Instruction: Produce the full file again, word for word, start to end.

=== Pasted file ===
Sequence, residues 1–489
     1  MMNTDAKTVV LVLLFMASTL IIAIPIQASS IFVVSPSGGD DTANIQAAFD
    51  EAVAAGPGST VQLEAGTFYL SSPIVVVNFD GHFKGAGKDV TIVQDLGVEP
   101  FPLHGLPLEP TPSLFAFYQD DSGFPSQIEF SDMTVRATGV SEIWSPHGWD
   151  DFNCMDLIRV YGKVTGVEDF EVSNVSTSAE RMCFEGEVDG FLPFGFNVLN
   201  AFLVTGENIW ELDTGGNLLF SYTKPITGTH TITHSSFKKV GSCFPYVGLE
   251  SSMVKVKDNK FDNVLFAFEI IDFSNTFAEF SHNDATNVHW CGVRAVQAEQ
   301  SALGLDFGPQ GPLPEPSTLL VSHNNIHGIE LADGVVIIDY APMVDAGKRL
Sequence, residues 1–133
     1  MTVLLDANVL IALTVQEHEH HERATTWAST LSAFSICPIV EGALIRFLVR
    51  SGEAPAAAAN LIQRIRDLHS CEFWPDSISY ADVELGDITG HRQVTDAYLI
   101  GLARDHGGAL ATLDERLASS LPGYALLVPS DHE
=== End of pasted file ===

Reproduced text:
Sequence, residues 1–489
     1  MMNTDAKTVV LVLLFMASTL IIAIPIQASS IFVVSPSGGD DTANIQAAFD
    51  EAVAAGPGST VQLEAGTFYL SSPIVVVNFD GHFKGAGKDV TIVQDLGVEP
   101  FPLHGLPLEP TPSLFAFYQD DSGFPSQIEF SDMTVRATGV SEIWSPHGWD
   151  DFNCMDLIRV YGKVTGVEDF EVSNVSTSAE RMCFEGEVDG FLPFGFNVLN
   201  AFLVTGENIW ELDTGGNLLF SYTKPITGTH TITHSSFKKV GSCFPYVGLE
   251  SSMVKVKDNK FDNVLFAFEI IDFSNTFAEF SHNDATNVHW CGVRAVQAEQ
   301  SALGLDFGPQ GPLPEPSTLL VSHNNIHGIE LADGVVIIDY APMVDAGKRL
Sequence, residues 1–133
     1  MTVLLDANVL IALTVQEHEH HERATTWAST LSAFSICPIV EGALIRFLVR
    51  SGEAPAAAAN LIQRIRDLHS CEFWPDSISY ADVELGDITG HRQVTDAYLI
   101  GLARDHGGAL ATLDERLASS LPGYALLVPS DHE